fn+C toggles sCroll lock (ScrLk)
fn+E toggles insErt/overwrite (Ins)
fn+R bReaks an operation
fn+S captures a Screen shot (PrtScr)
Also annoying is that HP makes keys important to writers -- Home, End, PgUp, PgDn -- accessible only by pressing the Shift key. Also annoying is that I was shipped the Canadian bilingual keyboard, which means the left Shift key is cut in half to accomodate extra French characters. I asked the seller -- Printer Ready Corporation Canada -- if they can sub me in an American keyboard; they could not source one, but they gave me a $33 credit towards buying a spare that I found on eBay for $45. In the meantime, I used Microsoft PowerTools to redefine the extraneous key to also be a left Shift key.
Speaking of function keys, they did not work until I downloaded and installed a utility program from an HP ftp site. Odd that the utility was not already on the computer.
The loudspeakers are front-firing, which normally is a good thing -- normally, that means louder sound. But the ones on the X2 are so narrow, that the volume at 100% is like 60% on the other laptops I own.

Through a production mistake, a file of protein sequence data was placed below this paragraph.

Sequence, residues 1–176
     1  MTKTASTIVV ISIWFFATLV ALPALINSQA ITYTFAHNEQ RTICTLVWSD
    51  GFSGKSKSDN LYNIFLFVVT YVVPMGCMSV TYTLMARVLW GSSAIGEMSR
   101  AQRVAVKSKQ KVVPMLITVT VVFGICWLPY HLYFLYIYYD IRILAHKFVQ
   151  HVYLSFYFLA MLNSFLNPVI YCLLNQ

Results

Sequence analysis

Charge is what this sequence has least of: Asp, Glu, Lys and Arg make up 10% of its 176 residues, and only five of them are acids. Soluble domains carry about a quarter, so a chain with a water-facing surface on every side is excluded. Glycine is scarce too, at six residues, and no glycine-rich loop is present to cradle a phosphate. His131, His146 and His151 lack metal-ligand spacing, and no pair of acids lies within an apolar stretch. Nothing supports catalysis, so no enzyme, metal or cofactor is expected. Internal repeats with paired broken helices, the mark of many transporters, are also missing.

In addition to two mics for Zooming, the X2 also has front (5 megapixel) and back (8 megapixel) cameras. These are of higher resolution than most tablets and laptops today. Both do video at 1920x1080. The cameras do not have security shutters.
No Windows 11 For You
The tablet came with Windows 10 Professional, which is a nice touch, as the Pro version allows things like running dodgey software in a sandbox. It cannot, however, be upgraded to Windows 11, because the CPU is one generation too old for Microsoft. I still think the only reason 11 exists is as a gift to hardware companies, because it forces corporations to upgrade perfectly good computers.
I bought this tablet because it looked so cool and it was so cheap. I do not, however, recommend it. Today’s 2-in-1 laptops, whose screens fold 360 degrees, are half the price and have half the limitations.
TIP: Instead of folding the screen down, as you would with a laptop, fold the keyboard up.
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HP’s official page of specs for this tablet: https://support.hp.com/us-en/document/c05415563
HP repair manual: http://h10032.www1.hp.com/ctg/Manual/c05610748.pdf
iFixIt’s step-by-step illustrated guide to taking apart the X2 G2: https://www.ifixit.com/Device/HP_Elite_x2_1012_G2
HP’s X2 user guide: http://h10032.www1.hp.com/ctg/Manual/c05587148.pdf